For all the talk about the Affordable Care Act’s mandate to purchase insurance, you might think that the mandate is the linchpin of the entire law. It isn’t, at least from the standpoint of whether the insurance market will collapse without it. Even with the mandate, the ACA is likely to cause widespread and unnecessary disruption that will drive up the cost of insurance for the very people that the law is supposed to help.
In arguments before the Supreme Court two weeks ago, both the Administration and opponents of the law agreed that the major insurance market reforms could not function without the mandate. The ACA requires insurers to offer coverage to all comers, regardless of their health status. Moreover, insurers are not allowed to exclude from coverage expenses for pre-existing conditions, and they are not allowed to charge higher premiums to people with those conditions. Unless you force young, healthy people to purchase health insurance, the cost of coverage will soar as the sick buy insurance and the healthy wait to buy until they really need it.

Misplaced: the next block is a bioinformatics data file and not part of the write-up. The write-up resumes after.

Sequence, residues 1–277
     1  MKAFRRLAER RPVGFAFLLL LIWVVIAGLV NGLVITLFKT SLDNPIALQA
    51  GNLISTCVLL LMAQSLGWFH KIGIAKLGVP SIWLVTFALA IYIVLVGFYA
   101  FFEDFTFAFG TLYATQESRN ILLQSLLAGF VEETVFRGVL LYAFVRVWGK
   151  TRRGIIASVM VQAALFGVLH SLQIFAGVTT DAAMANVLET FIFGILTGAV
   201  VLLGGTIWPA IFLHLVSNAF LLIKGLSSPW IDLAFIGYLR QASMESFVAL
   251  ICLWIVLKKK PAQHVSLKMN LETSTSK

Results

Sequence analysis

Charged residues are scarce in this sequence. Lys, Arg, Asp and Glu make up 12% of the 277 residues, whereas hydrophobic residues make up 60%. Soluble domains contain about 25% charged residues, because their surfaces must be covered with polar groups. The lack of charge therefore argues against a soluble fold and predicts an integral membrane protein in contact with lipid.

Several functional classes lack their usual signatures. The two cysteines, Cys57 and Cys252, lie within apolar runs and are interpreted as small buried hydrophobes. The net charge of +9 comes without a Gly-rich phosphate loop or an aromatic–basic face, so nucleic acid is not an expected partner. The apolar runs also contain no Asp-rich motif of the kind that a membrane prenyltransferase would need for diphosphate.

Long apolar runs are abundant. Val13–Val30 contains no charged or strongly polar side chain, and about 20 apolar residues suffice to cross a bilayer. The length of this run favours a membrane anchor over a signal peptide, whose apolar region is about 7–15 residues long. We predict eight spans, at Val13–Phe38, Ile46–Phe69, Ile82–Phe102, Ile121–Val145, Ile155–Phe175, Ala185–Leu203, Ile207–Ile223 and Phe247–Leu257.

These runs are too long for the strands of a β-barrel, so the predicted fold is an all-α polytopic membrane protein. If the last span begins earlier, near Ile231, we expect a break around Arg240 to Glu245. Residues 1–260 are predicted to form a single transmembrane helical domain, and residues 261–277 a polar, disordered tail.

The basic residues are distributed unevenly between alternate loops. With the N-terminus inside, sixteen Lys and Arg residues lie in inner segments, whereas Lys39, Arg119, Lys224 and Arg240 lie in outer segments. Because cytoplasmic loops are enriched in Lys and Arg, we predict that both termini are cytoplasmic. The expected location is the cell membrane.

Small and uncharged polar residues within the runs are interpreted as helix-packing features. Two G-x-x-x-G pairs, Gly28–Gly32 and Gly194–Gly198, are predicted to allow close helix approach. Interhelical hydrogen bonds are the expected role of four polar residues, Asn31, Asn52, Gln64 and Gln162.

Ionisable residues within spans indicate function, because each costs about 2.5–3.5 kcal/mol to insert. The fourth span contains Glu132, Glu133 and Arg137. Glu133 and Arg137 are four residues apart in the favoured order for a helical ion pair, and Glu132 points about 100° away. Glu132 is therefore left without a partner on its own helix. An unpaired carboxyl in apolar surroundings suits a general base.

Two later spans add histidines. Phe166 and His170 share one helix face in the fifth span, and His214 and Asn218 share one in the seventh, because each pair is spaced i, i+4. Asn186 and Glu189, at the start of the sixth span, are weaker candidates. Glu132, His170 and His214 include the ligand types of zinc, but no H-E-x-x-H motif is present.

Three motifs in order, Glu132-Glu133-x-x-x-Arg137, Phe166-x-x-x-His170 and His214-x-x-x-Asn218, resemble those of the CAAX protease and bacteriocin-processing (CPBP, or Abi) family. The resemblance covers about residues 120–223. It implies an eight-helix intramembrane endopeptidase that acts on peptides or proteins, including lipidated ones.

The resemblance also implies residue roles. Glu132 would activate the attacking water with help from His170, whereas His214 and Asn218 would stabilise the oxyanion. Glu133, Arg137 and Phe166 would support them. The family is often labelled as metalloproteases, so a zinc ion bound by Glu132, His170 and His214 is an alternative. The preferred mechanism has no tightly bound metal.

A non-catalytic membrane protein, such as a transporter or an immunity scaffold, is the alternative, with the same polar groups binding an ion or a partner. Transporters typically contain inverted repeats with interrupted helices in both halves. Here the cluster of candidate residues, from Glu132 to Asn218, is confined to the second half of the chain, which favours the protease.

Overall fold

That is correct, as far as it goes. We have plenty of evidence that guaranteed issue and community rating imposed by the ACA would, by themselves, cause the market for individual coverage to melt down. But the mandate is no cure.